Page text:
As the NHS techniques get cleverer and cleverer, and doctors refuse to end lifes humanely for fear of prosection, I would expect suicide to increase as its the only way out of unnecessary pain for some people.
I’ve commented previously on how many suicides there are – and how rarely these tragedies register on the political radar. For example, from 2010 comes this:
There are seven suicides for every one murder
I sort of knew this statistic already, but was quite shocked when working out the actual numbers:
Number of murders in the UK: 786
Number of suicides in the UK: 5,706
The proportion of murders which get reported in the media is extremely high compared with nearly all other crimes or forms of death. Many of the reasons for that are understandable, but one risk of giving murders such prominence is that it unbalances public perception of how many people are murdered compared with other crimes or deaths. That in turn effects the issues which politicians speak out about.
Having looked up the figures, I do now wonder whether murder features too often in political speeches and suicide not nearly enough.
Murder figures: 2007-8 figures for Scotland, 2008-9 figures for elsewhere. Suicide figures: 2008.
So it is great to see new Health Minister Norman Lamb making suicide the subject of one of his first initiatives:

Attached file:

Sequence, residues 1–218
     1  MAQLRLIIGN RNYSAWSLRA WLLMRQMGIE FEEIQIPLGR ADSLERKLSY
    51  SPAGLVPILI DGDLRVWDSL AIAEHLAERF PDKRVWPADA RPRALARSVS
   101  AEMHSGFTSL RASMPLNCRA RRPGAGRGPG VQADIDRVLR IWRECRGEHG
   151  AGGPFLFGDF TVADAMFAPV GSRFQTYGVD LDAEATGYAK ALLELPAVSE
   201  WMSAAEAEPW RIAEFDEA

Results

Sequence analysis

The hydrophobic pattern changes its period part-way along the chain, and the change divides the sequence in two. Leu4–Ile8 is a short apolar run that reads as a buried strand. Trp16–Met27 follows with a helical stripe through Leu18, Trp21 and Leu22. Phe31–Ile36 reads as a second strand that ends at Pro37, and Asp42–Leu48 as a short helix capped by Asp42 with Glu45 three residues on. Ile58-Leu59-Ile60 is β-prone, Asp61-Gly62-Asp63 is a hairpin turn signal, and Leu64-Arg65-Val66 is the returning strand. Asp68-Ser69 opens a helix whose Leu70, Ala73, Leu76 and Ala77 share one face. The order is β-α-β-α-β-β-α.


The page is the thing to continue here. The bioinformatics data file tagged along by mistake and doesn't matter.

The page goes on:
The government has promised to put £1.5m into research exploring how to prevent suicides among those most at risk of taking their own lives.
The pledge comes as ministers unveiled a suicide prevention strategy that aims to cut the suicide rate and provide more support to bereaved families
Funding will be used to look at how the number of suicides can be reduced among people with a history of self-harm…
Launching the strategy to coincide with World Suicide Prevention Day, the care services minister, Norman Lamb, said: “One death to suicide is one too many – we want to make suicide prevention everyone’s business.
“Over the last 10 years there has been real progress in reducing the suicide rate, but it is still the case that someone takes their own life every two hours in England.
“We want to reduce suicides by better supporting those most at risk and providing information for those affected by a loved one’s suicide.” [The Guardian]
(Given the speed with which this has happened since his appointment to the Department of Health, doubtless it follows up on preparatory work by his predecessor Paul Burstow who therefore also deserves credit.)